This last point is important, considering the nonfigurative language of Archizoom’s “city without architecture,” which has been perceived as the primitive form of contemporary investigations of the flat-horizontal city. The 1990s, an era marked by a protest against postmodernist interpretations of the figure, produced a fascination with the generic and nonfigurative horizontality of global capitalist development. From mat buildings, landscape urbanism, infrastructures and mapping research, the horizontal surface was appreciated more for its organizational, managerial or programmatic attributes than for its figurative qualities. The underlying argument was that semiotic tendencies had stalled architecture’s transformational influence on reality during the 1980s and that the instrumental characteristics of the horizontal surface needed to be exploited instead of resorting to symbolic investigations. Accordingly, a sweeping tone of instrumental solutions pervaded everything, from the post-Fordist landscapes of abandoned airfields and contaminated waterfronts to obsolete landfills. For these interpretations of the horizontal, flows and processes were more important than boundaries and objects. The preferable terms were “flexibility” and “indeterminacy.” As these tendencies have recently gained impetus due to the current environmental problems, the figurative qualities of the aerial view remained an insignificant aspect of the horizontal surface in discussions of urban analyses, networks and large-scale resource management.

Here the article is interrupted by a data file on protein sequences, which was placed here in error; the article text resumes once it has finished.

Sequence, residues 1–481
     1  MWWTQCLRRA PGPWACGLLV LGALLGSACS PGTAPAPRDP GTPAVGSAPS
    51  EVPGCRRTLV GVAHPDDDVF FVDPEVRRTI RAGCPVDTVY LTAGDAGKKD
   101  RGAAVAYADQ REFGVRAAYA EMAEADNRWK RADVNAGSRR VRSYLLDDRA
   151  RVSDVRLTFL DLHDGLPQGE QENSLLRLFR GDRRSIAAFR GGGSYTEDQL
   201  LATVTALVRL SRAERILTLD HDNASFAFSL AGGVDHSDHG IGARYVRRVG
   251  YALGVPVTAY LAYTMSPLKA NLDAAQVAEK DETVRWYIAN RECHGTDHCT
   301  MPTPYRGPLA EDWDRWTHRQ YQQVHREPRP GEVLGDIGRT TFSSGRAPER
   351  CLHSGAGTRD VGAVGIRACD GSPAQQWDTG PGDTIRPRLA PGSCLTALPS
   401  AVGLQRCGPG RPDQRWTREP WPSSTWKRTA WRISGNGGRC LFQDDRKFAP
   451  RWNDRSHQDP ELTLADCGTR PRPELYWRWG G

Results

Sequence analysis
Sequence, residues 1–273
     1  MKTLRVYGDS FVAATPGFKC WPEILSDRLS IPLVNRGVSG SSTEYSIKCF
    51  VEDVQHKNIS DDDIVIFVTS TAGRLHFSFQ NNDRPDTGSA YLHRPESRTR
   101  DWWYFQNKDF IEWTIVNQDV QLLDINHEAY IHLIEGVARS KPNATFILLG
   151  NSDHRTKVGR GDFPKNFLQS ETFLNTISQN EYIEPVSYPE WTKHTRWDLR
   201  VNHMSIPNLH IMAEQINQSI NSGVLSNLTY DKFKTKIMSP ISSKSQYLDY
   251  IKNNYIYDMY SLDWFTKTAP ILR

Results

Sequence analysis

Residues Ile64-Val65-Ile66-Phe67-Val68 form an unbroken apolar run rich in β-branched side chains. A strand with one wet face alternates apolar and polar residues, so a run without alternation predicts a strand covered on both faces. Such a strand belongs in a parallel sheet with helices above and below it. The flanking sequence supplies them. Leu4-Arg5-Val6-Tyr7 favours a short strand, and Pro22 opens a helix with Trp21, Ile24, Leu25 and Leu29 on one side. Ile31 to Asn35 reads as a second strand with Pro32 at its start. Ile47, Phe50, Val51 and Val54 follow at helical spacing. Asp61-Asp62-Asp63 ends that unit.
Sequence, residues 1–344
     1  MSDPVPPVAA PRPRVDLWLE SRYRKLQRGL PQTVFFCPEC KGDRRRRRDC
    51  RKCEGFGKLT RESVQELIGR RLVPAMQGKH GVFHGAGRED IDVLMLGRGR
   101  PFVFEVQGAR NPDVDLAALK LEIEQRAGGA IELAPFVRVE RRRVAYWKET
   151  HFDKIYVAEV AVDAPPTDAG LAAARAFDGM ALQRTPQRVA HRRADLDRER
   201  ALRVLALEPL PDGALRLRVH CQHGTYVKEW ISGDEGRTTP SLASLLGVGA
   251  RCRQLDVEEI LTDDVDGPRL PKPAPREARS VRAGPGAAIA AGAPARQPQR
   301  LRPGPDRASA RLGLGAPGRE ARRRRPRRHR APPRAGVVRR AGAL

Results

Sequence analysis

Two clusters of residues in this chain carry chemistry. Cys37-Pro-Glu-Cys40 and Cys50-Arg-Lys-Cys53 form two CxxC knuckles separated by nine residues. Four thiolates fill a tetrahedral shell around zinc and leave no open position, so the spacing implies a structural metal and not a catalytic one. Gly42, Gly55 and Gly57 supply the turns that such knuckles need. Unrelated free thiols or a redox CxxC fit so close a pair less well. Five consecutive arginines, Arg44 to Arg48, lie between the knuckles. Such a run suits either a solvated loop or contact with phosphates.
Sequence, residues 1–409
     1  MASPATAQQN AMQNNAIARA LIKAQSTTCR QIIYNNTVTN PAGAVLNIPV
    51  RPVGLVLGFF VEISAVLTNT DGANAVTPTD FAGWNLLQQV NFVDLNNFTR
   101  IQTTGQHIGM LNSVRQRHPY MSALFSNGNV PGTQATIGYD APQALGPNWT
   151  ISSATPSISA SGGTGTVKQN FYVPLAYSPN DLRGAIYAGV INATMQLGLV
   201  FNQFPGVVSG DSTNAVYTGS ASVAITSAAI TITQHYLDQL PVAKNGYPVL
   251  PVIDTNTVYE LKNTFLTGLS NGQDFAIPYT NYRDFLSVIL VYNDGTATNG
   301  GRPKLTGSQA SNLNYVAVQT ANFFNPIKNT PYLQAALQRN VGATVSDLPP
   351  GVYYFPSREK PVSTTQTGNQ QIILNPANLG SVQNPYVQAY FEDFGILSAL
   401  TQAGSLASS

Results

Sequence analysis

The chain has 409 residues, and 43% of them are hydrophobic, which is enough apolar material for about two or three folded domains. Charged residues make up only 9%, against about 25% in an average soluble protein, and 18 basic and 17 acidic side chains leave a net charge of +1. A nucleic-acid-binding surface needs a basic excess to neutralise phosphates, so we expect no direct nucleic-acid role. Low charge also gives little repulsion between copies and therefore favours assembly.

Flatbed Junk, 2017. Close-up view of the roof.